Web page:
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Example of a Brief EssayMarlowe's Hero and Leander: Humanistic Eroticism[exordium]According to the editors of The Norton Anthology of English Literature(748), Christopher Marlowe spent the years from 1580 to 1587 at Cambridge, supported by a ministerial scholarship. These same editors, speaking of Spenser, have also assured us that during this time period, in "the Puritan environment of Cambridge" the radically Protestant (almost Presbyterian!) and extremely influential preacher Thomas Cartwright "was beginning to make the authorities uneasy" (528) with his quasi-revolutionary Puritanism.That Edmund Spenser -- grave, moralistic, Neo-Platonic, and emphatically Protestant -- should have spent his formative years in a highly "Puritan environment" seems reasonable. Butfor Christopher Marlowe -- tavern brawler, spy, and creator of notoriously anti-Christian heroes such as Tamburlaine, Barabbas, and Faustus -- to emerge from that same environment seems, somehow, bizarre. How could six years of studying for the ministry in the intellectual center of England's radical Puritan community have possibly prepared anyone for the kind of literary career -- devoted to literary eroticism, poetic sensuality, and radical individualism -- that Marlowe followed?Many critics, A. L. Rowse for one, have answered this question by insisting that Marlowe, no matter what his studies, was one of those Romantic narcissists who, like Byron or Scott, “are intensely obsessed by themselves and derive much of their power from the self-generating sources of their own ego.” (31) Others, such as Scott Giantvalley, might argue that Marlowe’s homosexuality had made him comfortably used to concealing his actual interests beneath cloaks of deception, and that there was nothing unusual about a gay writer pretending to be a straight Puritan.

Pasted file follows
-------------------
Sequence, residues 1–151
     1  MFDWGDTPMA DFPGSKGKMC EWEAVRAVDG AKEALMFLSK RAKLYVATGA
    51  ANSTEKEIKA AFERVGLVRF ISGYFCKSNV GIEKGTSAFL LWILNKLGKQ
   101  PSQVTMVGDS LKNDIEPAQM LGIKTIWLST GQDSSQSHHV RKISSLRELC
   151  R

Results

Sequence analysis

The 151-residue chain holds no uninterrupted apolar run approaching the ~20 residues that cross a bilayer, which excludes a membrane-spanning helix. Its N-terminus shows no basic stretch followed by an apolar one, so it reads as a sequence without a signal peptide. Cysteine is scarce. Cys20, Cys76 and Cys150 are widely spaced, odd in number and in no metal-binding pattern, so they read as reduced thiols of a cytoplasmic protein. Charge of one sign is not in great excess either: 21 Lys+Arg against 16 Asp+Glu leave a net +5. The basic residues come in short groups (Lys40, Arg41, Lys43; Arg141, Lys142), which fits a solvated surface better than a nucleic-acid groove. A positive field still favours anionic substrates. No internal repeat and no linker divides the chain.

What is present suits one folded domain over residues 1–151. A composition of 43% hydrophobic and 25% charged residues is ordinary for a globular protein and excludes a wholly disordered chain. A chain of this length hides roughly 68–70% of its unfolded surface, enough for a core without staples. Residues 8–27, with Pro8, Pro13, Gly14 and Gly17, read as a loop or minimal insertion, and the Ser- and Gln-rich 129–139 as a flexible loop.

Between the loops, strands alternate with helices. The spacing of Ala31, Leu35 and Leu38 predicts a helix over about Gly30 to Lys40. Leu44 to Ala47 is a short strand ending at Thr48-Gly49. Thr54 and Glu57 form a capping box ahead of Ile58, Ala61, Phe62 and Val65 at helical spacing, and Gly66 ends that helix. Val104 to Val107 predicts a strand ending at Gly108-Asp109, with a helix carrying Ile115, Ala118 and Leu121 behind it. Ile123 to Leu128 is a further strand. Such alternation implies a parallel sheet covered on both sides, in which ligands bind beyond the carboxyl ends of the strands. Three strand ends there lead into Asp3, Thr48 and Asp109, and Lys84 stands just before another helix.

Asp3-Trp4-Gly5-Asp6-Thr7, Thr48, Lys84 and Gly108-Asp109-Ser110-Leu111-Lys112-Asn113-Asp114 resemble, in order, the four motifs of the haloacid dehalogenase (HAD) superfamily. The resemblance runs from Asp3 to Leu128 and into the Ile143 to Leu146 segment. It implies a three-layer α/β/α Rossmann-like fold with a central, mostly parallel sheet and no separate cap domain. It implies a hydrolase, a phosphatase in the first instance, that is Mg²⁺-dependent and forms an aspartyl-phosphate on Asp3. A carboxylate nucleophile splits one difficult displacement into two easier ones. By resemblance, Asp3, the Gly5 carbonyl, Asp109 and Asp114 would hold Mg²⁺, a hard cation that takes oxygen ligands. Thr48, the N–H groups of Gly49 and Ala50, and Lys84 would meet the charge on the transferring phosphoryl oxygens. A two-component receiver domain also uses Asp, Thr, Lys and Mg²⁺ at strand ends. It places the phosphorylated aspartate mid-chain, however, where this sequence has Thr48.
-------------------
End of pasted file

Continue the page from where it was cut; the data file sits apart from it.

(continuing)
[narratio]However, a better answer lies, I think, in the nature of Humanism itself. Their devotion to Humanistic values was the one thing that Puritans such as Cartwright, moderate Protestants such as Spenser, and free-thinkers (both gay and straight) such as Chapmanand Marlowe, all had in common. For Cartwright and his fellows in the Puritan tradition that culminated, finally, in Cromwell and Milton, Humanism meant finally a devotion to classical Hebrew, Greek, and especially Latin literature which focused on Holy Scripture as the most important and powerful of all the Humanistic texts for the formation of a truly Christian soul. Fora moderate Protestant such as Spenser, Holy Scripture is perhaps the most important of the classic texts which Humanism studies, but its impact is tempered by a recognition that other texts, notably the works of Plato, Cicero and Virgil, contribute powerful elements to the proper education and development of a fully humanChristian. For Marlowe, on the other hand, the value of the classically Humanistic texts, the Bible, Plato, Cicero, Virgil, or especially Ovid, is that they show one a language that can be used to explore the full domain of human experience. [thesis]